Paul's advice to singles who in his words "do not have self-control," may seem obvious and not helpful: "let them marry," he counsels. "Sure," replies the lonely single, "that's what I've been trying to do for years." But the apostle's advice here is not at all unlike his word to married couples in verse 3. The simple command to act requires one to probe and learn in many areas of life previously ignored.

The lesson that must be learned, of course, is why the "burning" single person is not already married. What have they not yet discovered about themselves? Are they suffering under some fear that they could have conquered in Christ? Is there an arrogance about them which they are unaware of which they must work on so that in time they too will find partners suited to them? Some singles are unrealistic in the high standards which they demand of potential spouses. Others have yet to learn how unfulfilling is the singleminded pursuit of career advancement and material success.

Singles who take to heart the apostolic assignment therefore, and who want to be married, must ask themselves, and their brothers and sisters in Christ, what it is about them that needs changing so that they may indeed enter into the married state. If they determine to do this, all the energy which they formerly put into feeling miserable and unthankful for their circumstances can now be channeled toward the positive direction of what they themselves can do to change.

Our assignment in life, whether married or single, is a gift from God. Singleness is a wonderful gift. If that is God's choice for you, you need never apologize for it. It is perfectly appropriate to remain single throughout your life. And it's also perfectly appropriate to be married. That too is a wonderful gift from God.

" are not your own...," said the apostle at the end of chapter 6, " have been bought with a price: therefore glorify God in your body." Here in chapter 7 he counsels married people that their bodies are not their own, they belong to their spouses. The pattern which Paul establishes contradicts everything we see and hear in the world around. Our bodies are our own, we hear. We should not deny them any pleasure, but give ourselves to enjoyment so as to have our needs met. But Scripture says a flat no to this kind of thinking. Our bodies are temples of the Holy Spirit and we exist to serve God. And, if we are married, our bodies are to give pleasure and joy to our spouses.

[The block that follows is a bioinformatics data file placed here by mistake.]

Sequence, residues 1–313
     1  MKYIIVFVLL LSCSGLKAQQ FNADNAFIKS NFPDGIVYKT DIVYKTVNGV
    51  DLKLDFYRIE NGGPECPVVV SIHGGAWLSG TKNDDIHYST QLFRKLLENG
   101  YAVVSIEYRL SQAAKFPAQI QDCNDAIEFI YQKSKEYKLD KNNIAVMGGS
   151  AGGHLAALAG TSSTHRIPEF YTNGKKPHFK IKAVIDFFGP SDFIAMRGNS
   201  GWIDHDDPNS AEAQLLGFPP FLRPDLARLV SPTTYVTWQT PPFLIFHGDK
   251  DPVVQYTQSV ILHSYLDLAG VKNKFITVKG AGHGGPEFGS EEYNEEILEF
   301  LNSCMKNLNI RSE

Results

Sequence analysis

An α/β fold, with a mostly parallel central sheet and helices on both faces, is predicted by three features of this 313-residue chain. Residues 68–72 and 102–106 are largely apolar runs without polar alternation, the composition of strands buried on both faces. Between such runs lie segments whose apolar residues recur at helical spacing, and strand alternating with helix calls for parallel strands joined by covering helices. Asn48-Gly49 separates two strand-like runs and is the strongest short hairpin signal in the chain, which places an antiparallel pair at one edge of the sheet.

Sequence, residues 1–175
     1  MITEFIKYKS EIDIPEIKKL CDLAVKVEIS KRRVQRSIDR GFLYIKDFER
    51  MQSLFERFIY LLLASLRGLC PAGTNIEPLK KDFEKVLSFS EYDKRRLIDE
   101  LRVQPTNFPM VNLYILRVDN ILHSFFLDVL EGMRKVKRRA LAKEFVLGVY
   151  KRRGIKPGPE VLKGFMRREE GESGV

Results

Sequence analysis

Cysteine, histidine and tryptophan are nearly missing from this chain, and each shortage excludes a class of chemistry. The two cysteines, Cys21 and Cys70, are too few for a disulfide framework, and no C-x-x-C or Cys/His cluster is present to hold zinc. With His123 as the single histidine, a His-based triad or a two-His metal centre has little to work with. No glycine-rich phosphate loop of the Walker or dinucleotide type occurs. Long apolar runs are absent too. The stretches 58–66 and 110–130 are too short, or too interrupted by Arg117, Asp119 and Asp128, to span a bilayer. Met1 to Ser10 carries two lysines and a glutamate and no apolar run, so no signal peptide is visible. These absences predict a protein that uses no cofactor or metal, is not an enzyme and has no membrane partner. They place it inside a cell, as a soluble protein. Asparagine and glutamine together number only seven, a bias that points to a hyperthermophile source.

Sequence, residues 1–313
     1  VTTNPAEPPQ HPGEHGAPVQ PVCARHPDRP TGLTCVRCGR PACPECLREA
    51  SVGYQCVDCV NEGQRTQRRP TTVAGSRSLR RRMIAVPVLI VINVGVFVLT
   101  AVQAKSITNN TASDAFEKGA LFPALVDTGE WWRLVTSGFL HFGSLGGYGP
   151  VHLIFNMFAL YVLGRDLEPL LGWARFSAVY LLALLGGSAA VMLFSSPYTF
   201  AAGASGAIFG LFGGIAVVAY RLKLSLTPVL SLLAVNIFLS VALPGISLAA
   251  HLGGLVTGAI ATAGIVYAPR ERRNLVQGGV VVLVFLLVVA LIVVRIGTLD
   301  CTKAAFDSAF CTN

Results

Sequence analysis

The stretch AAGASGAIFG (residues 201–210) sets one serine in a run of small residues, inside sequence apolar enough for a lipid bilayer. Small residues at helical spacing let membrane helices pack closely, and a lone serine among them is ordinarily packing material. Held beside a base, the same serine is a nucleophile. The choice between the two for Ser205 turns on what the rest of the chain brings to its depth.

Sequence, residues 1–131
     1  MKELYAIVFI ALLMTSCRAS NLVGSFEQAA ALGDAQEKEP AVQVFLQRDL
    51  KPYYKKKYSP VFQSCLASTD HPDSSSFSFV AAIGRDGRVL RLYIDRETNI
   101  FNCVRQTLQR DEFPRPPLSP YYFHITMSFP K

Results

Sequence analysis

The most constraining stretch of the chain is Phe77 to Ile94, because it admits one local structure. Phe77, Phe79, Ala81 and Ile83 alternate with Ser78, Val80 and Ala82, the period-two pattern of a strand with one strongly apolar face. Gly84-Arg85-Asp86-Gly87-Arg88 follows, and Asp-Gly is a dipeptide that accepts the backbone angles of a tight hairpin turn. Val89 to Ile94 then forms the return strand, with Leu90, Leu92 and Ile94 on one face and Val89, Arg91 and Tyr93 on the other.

The sooner we stop thinking that our sexuality is designed solely to give us pleasure, the wiser and more grown up we will become. Emotional pleasure, character, inner health and appreciation do not just happen overnight, despite what we read and hear. It is wiser to obey and to grow.

Perhaps we too one day will be able to song, along with Tevya, "Do you love me?" That is when we will realize, following a lifetime of serving one another, that there was more love manifest that we ever thought we would experience. We have created something beautiful together. Because of the choices we made we were allowed to have certain experiences. God gives the joy of everything we had hoped for, whether married or single, to those who were committed to doing what was right for his sake.

Catalog No. 4067
1 Corinthians 7:1-9
Ninth Message
Steve Zeisler
November 22, 1987